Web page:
... Andale Gross & Tammy Webber of the AP: An attorney for Michael Brown's family, Anthony "Gray, questioned, for example, why prosecutors presented testimony of witnesses who clearly did not see the shootings, rather than make a case for some type of charges. He also said it was unclear how the evidence was presented." CW: Hmmm. Why examine bogus "witnesses"? Oh, I know: to imply that all witnesses against Wilson were bogus.

... Tom Hamburger & John Sullivan of the Washington Post: "When Ferguson, Mo., police officer Darren Wilson left the scene of the shooting of unarmed teenager Michael Brown, the officer returned to the police station unescorted, washed blood off his hands and placed his recently fired service revolver into an evidence bag himself. Such seemingly unorthodox forensic practices emerged from the voluminous testimony released in the aftermath of a grand jury decision Monday night not to indict Wilson." ...

... Sandhya Somashekhar, et al., of the Washington Post: "... no clear picture of what truly transpired emerges from thousands of pages of grand jury testimony released this week by St. Louis County prosecutors. The witness accounts provide new and often conflicting details about what happened leading up to the moment when police officer Darren Wilson shot dead 18-year-old Michael Brown in Ferguson, Mo." ...

... Meghan Keneally of ABC News: "In an exclusive interview with ABC News' George Stephanopoulos, police officer Darren Wilson breaks his silence about the shooting of Michael Brown." Link includes preview of interview held in "a secret location." CW: Oh, for Pete's sake -- an "exclusive" interview in a "secret location." ...

     Update. Here's a 7:23 min. segment of the Stephanopoulos interview. ...

... Kendall Breitman of Politico: "Rep. Peter King has a suggestion for the White House in dealing with the latest developments in Ferguson -- invite Officer Darren Wilson over. 'I think it would be very helpful if President Obama went and met with the police officer, or invited him to the White House and said, "You've gone through four months of smear and slander, and the least we can do is tell you that it's unfortunate that it happened and thank you for doing your job,'" the New York Republican told Fox Business on Tuesday." CW: Another Beer Summit would be just the thing, wouldn't it? But uh, one of the attendees is dead for some reason. King, formerly an IRA bagman, reportedly lives in New York City, but one has to wonder if he actually lives on this planet. ...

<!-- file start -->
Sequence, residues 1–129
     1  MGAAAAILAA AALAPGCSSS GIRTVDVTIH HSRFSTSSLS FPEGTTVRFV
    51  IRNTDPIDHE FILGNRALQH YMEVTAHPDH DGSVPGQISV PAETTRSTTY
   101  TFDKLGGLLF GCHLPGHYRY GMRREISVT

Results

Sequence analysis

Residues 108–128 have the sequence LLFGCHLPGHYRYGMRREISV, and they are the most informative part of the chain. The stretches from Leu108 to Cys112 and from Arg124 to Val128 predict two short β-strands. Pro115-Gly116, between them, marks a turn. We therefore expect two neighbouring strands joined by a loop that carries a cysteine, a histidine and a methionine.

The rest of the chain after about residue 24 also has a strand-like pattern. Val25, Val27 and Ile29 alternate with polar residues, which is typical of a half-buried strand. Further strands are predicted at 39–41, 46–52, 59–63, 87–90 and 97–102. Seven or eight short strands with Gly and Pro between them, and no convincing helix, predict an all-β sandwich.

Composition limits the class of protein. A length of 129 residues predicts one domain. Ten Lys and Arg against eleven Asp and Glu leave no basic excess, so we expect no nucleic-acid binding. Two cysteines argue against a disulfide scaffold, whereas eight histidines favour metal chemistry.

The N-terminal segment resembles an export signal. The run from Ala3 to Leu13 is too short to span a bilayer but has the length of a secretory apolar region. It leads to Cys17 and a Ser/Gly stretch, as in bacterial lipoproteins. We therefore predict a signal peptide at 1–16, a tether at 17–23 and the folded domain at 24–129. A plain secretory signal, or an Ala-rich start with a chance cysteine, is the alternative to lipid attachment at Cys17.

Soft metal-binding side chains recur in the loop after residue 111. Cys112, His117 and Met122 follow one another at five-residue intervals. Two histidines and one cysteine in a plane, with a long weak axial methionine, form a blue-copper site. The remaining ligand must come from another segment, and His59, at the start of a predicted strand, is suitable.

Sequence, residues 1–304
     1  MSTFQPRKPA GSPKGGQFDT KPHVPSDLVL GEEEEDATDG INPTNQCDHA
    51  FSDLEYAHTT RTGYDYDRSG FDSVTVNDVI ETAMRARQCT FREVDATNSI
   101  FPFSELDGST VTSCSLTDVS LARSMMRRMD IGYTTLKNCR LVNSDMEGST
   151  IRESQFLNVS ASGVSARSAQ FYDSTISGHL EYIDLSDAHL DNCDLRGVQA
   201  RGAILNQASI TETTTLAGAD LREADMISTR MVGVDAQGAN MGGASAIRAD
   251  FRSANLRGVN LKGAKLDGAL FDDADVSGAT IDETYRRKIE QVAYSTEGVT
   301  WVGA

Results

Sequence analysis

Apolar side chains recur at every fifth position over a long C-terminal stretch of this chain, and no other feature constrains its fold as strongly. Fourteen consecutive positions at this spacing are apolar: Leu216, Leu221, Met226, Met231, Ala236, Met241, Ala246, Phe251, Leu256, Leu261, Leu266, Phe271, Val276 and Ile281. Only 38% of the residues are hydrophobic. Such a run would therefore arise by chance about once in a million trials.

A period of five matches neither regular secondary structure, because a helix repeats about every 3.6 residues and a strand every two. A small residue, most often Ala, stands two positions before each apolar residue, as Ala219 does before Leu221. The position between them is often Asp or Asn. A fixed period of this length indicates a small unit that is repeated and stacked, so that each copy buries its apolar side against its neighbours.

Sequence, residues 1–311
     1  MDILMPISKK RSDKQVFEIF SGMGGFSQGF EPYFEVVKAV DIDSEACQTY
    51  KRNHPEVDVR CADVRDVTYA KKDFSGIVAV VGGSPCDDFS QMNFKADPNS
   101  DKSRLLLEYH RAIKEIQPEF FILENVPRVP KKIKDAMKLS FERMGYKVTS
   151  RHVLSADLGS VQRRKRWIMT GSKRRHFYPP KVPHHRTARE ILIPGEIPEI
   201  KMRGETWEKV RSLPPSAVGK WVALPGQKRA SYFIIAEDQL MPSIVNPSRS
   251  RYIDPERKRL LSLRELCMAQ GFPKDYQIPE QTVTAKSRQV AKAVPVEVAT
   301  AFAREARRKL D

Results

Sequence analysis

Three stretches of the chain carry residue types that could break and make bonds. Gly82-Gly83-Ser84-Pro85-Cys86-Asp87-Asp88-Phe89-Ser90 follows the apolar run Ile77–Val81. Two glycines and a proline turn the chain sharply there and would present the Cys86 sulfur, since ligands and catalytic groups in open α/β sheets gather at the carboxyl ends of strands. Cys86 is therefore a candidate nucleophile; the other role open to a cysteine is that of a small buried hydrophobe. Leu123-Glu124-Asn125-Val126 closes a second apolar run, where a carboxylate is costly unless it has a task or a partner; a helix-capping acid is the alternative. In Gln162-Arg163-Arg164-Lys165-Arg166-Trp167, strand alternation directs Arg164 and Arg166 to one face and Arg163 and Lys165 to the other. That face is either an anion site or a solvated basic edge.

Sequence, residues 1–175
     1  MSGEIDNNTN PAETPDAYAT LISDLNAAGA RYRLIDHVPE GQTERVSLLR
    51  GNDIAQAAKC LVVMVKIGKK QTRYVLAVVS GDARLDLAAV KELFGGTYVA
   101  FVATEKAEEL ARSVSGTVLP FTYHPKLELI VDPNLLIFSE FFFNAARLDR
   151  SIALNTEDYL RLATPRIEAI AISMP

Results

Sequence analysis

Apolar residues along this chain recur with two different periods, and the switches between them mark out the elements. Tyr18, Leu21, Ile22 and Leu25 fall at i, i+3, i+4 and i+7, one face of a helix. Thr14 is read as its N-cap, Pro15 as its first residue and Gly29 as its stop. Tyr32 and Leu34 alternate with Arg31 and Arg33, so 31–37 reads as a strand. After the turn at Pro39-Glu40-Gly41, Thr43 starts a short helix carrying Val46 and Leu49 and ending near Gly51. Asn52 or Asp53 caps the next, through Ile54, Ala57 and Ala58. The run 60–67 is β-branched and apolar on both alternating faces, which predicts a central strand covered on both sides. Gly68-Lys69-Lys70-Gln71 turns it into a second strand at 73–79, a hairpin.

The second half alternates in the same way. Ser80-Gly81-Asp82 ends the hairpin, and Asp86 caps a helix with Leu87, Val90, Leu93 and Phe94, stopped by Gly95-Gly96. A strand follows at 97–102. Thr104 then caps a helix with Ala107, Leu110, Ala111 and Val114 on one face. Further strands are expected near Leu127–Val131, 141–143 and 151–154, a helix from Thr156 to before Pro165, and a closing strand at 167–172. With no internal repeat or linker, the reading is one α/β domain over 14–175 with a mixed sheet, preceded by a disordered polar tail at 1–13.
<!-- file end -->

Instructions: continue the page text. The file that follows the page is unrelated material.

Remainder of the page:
... CW: I see Digby had the same idea I did: Peter King, Interplanetary Man.

Chuck Schumer Is Still a Jerk. Kathleen Hunter
of Bloomberg Politics: "Democrats made a mistake by passing President Barack Obama's health-care law in 2010 instead of first focusing more'directly on helping the middle class, third-ranking U.S. Senate Democrat Charles Schumer said today. 'Unfortunately, Democrats blew the opportunity the American people gave them' in electing Obama and a Democratic Congress in 2008 amid a recession, Schumer of New York said in a speech in Washington. 'We took their mandate and put all our focus on the wrong problem -- health care reform.'" ...

... CW: Yo, Chuck. ObamaCare does help the middle class -- and every class, by making affordable, non-revocable healthcare available to most Americans. Apparently Chuck is totally unaware that no matter what Democrats did over the past six years, Republicans would have pummeled them for something -- like, say, not passing healthcare reform. I'll be Chuck is friends with Peter King. They probably go on excellent interplanetary adventures together. ...

... Martin Longman of the Washington Monthly: "If you want to know why the Democratic brand isn't better, take a look at their message man, Chuck Schumer." ...

... Brian Beutler of the New Republic: "First, [Schumer's] views in this case aren't new; and second, they are wrong -- both politically and substantively." ...

... Paul Waldman: "If only Chuck Schumer had been in the Senate back then, so he could have written [a second stimulus] bill and pushed for its passage. Oh wait -- he was, and he didn't." ...

... Steve M. more or less agrees with Schumer. ...

... Holiday Advice. Tara Culp-Ressler & Sam Collins of Think Progress: "... if your Tea Party uncle starts making wild assertions about the Affordable Care Act, here are some key points that will help keep your conversation on track." CW: If your uncle is Chuck Schumer, good luck.

** Joseph Tanfani of the Los Angeles Times: "In a decision that could force disclosure of some of the secret money flooding into elections, a federal judge ruled Tuesday that groups that run election-related ads must reveal their donors. The Federal Election Commission overstepped when it wrote a 2007 rule that said such groups didn't have to report the source of the money for certain types of political ads that mentioned the name of federal candidates, the decision by U.S. District Judge Amy Berman Jackson in Washington said.... Rep. Chris Van Hollen (D-Md.), who sued the FEC over the rule, called the decision 'a victory for democracy' and said it will help give voters the information they 'deserve in determining who is trying to influence their votes.'" Thanks to James S. for the link.